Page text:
I’ve said some harsh things about Lena Dunham a few times before, and you’re probably all sick of it by now.  But I’m gonna keep doing it, at least for this post.

 

Alyssa Rosenberg piqued this particular point of interest, quoting from an NPR interview Dunham did in the spring wherein she defended the all-white cast of “Girls” with this quote:

I wrote the first season primarily by myself, and I co-wrote a few episodes. But I am a half-Jew, half-WASP, and I wrote two Jews and two WASPs. Something I wanted to avoid was tokenism in casting. If I had one of the four girls, if, for example, she was African-American, I feel like — not that the experience of an African-American girl and a white girl are drastically different, but there has to be specificity to that experience [that] I wasn’t able to speak to. I really wrote the show from a gut-level place, and each character was a piece of me or based on someone close to me. And only later did I realize that it was four white girls…I did write something that was super-specific to my experience, and I always want to avoid rendering an experience I can’t speak to accurately.

 

Now, what I have to say is not particular to Lena Dunham.  It is, to a certain point, not entirely her “fault”, but rather the fault of society, that we can not only allow but endorse the ignorance of our most privileged members, and she is far, far from the only wealthy white person to be so ignorant – trust me.  I went to Georgetown.  I lived in San Francisco.  I have met lots of these people, and the only reason they are not being called out by name on this blog for their ignorance is because nobody has given them their own television show.  (Yet.)  And maybe if Dunham weren’t handed so much success at such a young age, she could have matured into a better and wiser storyteller (and, let’s be frank, joke-writer) without assholes like me hassling her on the Internet.

 

But as it stands, she’s a public figure, and I’m offering public criticism.

 

Because here’s the thing: what Lena Dunham is offering in her own defense, in that quote from NPR, is – truly – nothing more than her own ignorance, and it is ignorance made all the more inexcusable by the exceptional privilege in which she was raised.  Here is a girl who grew up in New York City – an incredibly diverse place! – and yet all the people close to her throughout her life have only been Jews and WASPs?  Here is a girl who graduated from Oberlin – a famously progressive liberal arts college – and at no point did it ever occur to her to encounter people with different backgrounds from her own?  And, most distressingly, here is a girl given the power to hire a staff of her own writers – an opportunity or perhaps even an *obligation* to account for the shortcomings of her own life experience – and she never thought about hiring a single person of color?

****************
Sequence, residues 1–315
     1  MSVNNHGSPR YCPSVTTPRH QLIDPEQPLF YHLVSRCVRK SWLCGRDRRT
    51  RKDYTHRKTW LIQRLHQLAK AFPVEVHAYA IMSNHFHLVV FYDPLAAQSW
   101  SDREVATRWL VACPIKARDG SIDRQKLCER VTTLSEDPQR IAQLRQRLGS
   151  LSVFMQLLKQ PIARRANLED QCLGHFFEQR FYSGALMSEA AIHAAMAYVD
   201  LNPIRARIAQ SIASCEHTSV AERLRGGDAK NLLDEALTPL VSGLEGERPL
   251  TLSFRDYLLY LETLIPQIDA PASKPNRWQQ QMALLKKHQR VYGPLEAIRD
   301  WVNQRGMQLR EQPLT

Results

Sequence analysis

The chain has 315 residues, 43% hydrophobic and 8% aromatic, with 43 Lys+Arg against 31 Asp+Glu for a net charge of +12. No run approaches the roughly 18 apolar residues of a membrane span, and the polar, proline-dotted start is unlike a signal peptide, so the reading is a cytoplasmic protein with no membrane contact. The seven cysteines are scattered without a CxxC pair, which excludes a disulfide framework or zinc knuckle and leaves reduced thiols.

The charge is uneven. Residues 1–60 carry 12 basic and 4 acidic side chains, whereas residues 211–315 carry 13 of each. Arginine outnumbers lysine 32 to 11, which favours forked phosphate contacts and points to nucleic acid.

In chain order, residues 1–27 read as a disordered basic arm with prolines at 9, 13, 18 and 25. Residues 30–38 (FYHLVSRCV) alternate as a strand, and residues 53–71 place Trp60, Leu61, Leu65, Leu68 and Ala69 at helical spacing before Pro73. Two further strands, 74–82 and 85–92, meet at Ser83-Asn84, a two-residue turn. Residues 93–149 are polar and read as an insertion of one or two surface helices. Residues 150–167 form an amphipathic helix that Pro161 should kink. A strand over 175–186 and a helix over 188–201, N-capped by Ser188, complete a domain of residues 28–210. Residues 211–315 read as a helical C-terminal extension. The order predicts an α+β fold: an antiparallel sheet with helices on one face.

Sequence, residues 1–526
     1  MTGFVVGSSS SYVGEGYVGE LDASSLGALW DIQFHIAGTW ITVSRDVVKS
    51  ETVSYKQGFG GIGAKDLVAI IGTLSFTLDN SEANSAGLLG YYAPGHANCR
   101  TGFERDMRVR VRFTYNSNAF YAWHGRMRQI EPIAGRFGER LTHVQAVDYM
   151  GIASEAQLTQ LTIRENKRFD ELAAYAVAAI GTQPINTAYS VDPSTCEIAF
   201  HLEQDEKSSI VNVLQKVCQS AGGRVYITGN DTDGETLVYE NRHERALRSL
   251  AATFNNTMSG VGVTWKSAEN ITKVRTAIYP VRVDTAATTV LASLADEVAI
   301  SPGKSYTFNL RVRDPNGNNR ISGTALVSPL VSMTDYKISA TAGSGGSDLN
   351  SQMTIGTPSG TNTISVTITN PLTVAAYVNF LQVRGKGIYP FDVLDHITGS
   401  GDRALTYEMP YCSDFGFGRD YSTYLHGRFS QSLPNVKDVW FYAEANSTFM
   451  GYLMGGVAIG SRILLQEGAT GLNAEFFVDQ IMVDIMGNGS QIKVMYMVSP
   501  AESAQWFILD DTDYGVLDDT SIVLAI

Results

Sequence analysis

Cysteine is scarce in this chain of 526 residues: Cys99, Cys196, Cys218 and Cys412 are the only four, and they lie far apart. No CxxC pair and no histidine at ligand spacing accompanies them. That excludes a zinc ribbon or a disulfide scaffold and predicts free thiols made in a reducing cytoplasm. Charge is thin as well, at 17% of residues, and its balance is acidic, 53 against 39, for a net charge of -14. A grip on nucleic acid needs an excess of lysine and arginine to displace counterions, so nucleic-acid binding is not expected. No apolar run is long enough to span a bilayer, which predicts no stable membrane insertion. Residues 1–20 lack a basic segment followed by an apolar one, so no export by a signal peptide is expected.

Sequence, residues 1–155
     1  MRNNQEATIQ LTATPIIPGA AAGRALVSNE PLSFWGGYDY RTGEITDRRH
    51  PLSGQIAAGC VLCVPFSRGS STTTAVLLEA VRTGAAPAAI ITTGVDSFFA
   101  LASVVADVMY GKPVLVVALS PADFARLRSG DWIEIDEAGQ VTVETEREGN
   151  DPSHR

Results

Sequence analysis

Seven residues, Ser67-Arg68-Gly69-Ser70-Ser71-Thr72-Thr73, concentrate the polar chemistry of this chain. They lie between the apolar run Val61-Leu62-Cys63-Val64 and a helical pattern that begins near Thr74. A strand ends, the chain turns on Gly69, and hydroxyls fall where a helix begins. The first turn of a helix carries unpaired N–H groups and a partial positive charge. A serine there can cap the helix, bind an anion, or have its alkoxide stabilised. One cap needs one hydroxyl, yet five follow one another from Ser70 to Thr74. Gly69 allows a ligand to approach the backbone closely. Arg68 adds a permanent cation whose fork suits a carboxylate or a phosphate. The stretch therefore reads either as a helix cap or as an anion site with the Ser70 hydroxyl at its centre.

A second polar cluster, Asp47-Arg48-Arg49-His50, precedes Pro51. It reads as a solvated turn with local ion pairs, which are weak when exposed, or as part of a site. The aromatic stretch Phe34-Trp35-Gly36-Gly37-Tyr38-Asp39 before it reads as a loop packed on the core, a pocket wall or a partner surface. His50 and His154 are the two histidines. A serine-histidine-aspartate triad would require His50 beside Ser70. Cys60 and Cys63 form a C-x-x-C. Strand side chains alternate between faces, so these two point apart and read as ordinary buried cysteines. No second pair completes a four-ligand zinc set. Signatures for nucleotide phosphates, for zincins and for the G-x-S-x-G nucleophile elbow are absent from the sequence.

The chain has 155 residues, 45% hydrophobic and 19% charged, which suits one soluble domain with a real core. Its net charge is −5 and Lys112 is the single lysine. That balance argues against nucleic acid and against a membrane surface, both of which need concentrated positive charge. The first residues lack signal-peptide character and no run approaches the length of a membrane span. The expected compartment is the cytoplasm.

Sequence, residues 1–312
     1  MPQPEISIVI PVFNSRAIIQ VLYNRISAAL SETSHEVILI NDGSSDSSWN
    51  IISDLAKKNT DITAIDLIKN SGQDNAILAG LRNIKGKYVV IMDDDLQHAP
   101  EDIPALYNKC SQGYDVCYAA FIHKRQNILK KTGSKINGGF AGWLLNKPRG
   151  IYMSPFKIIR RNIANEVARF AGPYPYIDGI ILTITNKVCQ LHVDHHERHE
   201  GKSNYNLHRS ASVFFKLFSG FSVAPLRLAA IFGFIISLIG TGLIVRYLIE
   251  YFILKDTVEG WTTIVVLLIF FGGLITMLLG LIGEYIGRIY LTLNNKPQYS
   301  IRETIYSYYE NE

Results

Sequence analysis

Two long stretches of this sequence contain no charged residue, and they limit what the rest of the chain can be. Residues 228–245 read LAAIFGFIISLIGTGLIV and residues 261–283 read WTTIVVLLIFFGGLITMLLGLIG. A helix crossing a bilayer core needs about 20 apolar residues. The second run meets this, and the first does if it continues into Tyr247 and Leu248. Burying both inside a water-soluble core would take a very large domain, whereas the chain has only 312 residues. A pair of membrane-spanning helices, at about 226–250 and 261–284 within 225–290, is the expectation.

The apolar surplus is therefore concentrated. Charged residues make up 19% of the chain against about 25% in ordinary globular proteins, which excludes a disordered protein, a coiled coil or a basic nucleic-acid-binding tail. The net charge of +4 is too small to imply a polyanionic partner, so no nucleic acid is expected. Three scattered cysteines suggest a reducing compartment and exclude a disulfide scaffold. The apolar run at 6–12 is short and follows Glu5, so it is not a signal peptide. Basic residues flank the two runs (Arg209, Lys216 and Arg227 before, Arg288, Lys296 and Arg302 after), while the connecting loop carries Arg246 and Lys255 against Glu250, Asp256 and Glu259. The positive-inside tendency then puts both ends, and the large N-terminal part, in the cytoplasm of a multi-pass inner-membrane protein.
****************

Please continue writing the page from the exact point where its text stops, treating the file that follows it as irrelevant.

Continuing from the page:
And make no mistake, the whiteness of “Girls” is – as Dunham herself admits in that quote – a direct consequence of the shortcomings of her own experience.  It may seem strange to characterize the life of someone raised wealthy, educated at private schools, and running her own TV show in her twenties as having “shortcomings”, but as a storyteller and a human being, what Dunham typifies is nothing more than ignorance; and like all ignorance, it can only persist through a failure of empathy and intellectual curiosity, especially when one comes from a background like Dunham’s.  She has the means, resources and connections to explore any corner of the world; she chooses to linger in comfortable spaces.  (Or at least, she has chosen.  One might hope – and it does seem – that the barrage of criticism she endured over the show’s premiere has challenged some of her comfort in “writing what you know”; or at least, it has forced her to confront the narrowness of what she actually “knows.”)

 

Because, really, it’s not that hard to tell inclusive stories, most especially in a collaborative environment like television.  Dunham isn’t sitting alone in her garrett, pouring forth her soul; she works with a crew and a team of writers and directors and actors and if any of them were people of color, then their creative input could inform and expand the universe of Dunham’s show; it could chip away at her ignorance.  It might mean having to loosen creative control, to let others speak – but then, choosing to listen to the unfettered voices of others is, ultimately, the only way to overcome such ignorance.  If she wants to tell better and truer stories then she need not resort to tokenism or defensiveness; her world sounds like a startlingly narrow place, and all she has to do is broaden it.